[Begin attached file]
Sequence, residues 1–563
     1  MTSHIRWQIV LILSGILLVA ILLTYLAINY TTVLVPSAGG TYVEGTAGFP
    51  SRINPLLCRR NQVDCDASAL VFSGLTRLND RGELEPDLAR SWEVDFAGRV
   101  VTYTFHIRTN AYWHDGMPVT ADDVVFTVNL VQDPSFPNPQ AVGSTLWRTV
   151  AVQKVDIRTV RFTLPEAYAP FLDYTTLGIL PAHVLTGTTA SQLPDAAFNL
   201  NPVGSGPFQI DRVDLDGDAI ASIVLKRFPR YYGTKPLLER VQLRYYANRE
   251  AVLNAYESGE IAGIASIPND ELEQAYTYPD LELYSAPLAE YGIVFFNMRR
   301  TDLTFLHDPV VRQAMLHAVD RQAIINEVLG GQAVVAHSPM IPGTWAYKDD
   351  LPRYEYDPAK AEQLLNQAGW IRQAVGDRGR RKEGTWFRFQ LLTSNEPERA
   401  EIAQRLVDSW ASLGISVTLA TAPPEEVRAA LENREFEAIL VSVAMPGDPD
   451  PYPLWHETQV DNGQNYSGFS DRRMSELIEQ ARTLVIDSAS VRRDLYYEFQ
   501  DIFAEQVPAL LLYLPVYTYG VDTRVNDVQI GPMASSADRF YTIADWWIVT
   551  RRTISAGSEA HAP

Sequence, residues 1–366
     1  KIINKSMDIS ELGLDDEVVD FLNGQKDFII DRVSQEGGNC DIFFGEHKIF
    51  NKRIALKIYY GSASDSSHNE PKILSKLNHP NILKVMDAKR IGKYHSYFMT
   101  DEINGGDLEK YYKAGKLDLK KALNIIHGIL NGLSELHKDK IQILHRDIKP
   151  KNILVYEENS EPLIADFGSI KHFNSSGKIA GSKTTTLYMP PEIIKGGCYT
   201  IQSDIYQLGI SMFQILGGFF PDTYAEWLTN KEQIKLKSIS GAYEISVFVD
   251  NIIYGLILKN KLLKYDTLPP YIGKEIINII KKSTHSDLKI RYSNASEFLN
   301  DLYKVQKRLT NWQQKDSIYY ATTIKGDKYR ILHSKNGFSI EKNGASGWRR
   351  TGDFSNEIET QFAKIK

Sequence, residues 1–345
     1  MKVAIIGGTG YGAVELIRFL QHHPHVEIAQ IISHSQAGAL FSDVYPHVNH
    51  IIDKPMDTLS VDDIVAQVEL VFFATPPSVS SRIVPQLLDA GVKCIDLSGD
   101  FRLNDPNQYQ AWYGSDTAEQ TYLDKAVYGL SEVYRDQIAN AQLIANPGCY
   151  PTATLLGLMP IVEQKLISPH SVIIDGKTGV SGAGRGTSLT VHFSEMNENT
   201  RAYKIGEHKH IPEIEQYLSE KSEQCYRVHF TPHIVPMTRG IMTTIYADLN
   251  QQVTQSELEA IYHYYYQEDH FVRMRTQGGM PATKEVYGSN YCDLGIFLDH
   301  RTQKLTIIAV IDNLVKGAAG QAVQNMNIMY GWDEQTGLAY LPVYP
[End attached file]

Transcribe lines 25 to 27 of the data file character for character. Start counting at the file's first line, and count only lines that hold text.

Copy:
    51  IIDKPMDTLS VDDIVAQVEL VFFATPPSVS SRIVPQLLDA GVKCIDLSGD
   101  FRLNDPNQYQ AWYGSDTAEQ TYLDKAVYGL SEVYRDQIAN AQLIANPGCY
   151  PTATLLGLMP IVEQKLISPH SVIIDGKTGV SGAGRGTSLT VHFSEMNENT